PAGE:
Wednesday, September 28, 2022

KNSK urges govt to strictly implement NLTP Act

Konyak Nyupuh Sheko Khong, the apex body of the Konyak Women’s Organisation, has appealed to the state government to strictly implement Nagaland Liquor Total Prohibition (NLTP) Act 1989.
In a press note, KNSK president Ponglem and general secretary Ngiplem stated that even before the NLTP Act was passed, the KNSK had fought tooth and nail to prohibit sale and consumption of alcohol and other harmful substances in Mon district.
Soon after its inception in 1986, the signatories said with the vigorous efforts of KNSK, all wine shops in Mon district was totally closed down October 10, 1988 and destroyed all seized items in the presence of the district administration, police, youth and public leaders.
While stating that stringent rules and regulations were enforced against sale and consumption of alcohol and other harmful substances from 1988 till date, KNSK said it would continue to stick to its resolution to curb the menace that hampers the growth of peaceful society and future generation.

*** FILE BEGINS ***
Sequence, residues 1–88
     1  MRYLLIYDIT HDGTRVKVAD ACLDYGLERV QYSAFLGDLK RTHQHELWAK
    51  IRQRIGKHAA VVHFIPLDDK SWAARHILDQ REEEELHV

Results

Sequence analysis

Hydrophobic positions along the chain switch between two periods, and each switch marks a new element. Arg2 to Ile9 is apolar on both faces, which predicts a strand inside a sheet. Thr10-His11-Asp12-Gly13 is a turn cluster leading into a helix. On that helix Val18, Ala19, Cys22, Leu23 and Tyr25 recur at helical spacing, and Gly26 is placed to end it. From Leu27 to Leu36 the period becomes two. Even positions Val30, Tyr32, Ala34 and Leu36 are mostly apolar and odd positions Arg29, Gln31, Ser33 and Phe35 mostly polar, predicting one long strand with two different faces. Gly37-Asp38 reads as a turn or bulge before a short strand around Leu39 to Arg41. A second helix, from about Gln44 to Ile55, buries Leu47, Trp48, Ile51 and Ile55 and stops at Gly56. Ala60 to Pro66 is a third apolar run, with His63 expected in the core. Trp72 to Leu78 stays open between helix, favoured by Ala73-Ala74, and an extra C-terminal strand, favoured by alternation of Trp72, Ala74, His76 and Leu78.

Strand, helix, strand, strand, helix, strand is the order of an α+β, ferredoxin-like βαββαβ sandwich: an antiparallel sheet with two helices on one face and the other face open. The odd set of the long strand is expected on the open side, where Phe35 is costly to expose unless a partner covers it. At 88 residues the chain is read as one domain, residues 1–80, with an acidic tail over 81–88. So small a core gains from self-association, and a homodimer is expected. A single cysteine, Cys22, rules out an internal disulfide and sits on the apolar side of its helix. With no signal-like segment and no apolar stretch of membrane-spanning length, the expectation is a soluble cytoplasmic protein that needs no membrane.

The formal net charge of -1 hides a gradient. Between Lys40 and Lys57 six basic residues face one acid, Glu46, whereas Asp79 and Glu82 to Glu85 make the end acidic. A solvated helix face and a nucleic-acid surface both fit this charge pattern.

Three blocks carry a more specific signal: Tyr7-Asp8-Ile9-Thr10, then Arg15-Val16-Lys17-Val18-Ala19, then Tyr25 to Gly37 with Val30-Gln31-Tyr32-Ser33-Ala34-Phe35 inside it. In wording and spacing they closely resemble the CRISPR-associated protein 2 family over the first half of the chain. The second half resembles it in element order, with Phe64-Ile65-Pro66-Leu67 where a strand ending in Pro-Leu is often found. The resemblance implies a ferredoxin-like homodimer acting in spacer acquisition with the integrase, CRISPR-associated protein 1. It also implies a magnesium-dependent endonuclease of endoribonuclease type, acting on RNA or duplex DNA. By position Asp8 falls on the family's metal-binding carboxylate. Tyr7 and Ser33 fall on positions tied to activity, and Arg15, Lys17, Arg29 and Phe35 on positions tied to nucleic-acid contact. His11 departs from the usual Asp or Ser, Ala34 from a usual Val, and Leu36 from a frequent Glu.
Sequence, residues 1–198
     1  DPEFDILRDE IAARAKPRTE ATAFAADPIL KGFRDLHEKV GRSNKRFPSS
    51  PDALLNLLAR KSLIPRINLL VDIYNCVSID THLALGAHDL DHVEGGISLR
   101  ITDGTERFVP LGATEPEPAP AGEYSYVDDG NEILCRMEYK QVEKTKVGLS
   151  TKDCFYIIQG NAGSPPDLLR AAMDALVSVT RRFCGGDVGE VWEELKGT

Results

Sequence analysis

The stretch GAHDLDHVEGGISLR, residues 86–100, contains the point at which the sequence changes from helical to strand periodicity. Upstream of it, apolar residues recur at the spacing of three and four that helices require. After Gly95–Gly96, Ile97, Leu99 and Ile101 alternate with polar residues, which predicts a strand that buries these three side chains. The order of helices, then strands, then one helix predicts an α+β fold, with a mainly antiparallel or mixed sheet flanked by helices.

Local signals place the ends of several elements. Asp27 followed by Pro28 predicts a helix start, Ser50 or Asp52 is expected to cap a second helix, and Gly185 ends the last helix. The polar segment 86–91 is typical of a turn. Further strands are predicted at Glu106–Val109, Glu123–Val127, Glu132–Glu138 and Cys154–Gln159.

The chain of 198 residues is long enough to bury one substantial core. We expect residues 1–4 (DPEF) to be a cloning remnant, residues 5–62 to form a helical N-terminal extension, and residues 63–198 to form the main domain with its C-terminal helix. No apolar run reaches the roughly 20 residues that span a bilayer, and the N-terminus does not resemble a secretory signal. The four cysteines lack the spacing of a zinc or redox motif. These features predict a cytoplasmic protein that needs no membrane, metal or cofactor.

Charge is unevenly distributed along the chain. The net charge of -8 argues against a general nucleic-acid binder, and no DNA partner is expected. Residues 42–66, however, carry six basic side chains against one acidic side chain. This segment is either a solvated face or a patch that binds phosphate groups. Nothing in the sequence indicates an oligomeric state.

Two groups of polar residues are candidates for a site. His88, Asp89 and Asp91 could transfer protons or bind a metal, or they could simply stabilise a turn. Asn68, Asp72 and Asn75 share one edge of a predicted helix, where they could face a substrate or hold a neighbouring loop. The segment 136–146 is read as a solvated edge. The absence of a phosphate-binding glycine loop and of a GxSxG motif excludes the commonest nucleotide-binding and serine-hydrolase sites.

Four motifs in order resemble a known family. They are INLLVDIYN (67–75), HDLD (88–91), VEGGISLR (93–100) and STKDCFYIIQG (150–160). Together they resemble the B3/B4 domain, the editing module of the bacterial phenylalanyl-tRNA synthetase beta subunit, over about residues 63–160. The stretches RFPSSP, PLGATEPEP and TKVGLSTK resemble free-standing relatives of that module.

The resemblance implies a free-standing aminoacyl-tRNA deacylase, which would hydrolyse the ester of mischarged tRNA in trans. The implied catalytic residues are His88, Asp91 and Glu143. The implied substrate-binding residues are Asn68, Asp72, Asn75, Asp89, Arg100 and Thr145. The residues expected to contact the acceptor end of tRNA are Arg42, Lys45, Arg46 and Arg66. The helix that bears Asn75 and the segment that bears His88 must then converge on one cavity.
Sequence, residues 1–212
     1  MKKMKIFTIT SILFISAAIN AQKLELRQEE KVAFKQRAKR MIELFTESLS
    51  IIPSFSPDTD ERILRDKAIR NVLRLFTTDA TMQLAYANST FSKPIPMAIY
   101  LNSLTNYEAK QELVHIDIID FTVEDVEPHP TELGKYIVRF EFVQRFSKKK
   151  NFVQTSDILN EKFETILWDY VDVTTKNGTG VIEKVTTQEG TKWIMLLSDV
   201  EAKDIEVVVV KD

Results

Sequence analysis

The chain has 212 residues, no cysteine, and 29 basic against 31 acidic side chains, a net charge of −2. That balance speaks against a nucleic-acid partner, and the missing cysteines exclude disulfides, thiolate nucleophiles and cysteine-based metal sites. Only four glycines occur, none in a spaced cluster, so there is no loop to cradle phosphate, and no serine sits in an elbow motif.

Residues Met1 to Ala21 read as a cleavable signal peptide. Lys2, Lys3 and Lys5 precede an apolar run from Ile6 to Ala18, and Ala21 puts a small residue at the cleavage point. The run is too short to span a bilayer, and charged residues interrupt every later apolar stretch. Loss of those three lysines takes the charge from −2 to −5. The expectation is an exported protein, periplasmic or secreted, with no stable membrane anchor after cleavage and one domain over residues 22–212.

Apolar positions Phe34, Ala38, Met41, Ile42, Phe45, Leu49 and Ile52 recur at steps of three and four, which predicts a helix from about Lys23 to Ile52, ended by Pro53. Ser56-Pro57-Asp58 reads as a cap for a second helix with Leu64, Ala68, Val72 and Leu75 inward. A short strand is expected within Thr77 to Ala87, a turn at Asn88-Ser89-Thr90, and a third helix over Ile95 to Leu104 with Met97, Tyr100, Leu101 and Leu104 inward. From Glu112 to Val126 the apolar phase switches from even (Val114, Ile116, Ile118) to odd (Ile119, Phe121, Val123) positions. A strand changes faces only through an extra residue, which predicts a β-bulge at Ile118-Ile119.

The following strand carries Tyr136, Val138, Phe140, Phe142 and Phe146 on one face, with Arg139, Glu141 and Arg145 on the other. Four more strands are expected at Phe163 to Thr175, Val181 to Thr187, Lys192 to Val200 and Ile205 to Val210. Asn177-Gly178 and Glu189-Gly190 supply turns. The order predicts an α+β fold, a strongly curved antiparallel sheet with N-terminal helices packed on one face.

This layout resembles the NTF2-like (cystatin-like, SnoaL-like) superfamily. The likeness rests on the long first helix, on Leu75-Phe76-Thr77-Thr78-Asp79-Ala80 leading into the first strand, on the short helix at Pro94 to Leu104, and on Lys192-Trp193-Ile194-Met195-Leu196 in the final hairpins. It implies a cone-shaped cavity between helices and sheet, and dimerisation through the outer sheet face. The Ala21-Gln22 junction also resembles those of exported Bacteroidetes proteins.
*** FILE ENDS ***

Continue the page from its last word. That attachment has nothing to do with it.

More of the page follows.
Asserting that no government or organisation was above God or the Biblical principle, KNSK said the decision to declare Nagaland as a ‘Dry state’ was not a hasty one, but was done after thorough deliberation considering all factors, for the betterment of society in all spheres.
It also said that NLTP Act was also passed after serious intercession, prayers and fasting by church leaders.
Reminding the proclamation ‘Nagaland for Christ’, KNSK said any policy and programme of the government that does not echo those sentiments should not be promoted.
Instead, KNSK said the present government should tighten the Act and make more stringent laws to deal with the defaulters. Irrespective of big mafias or small-scale peddlers, the law enforcing agencies should use the same yardstick, it stated.
KNSK further pointed out that the introduction of the NLTP Act has led to lower rates of drinking among men and as well as decreased incidence of violence against women.
However, lifting of Act will have a diverse impact on the society and will hamper the peaceful co-existence of the society, lead to more domestic and sexual violence, risking behaviour and criminal activity in the state, KNSK stated.
“Use of alcohol will enslave, seduce and destroy its users and ultimately our families and society as well. The consequences are overwhelming and fearful,” KNSK said, and hoped that the government would make the right decision, as lifting of the Act will add more fuel to the fire.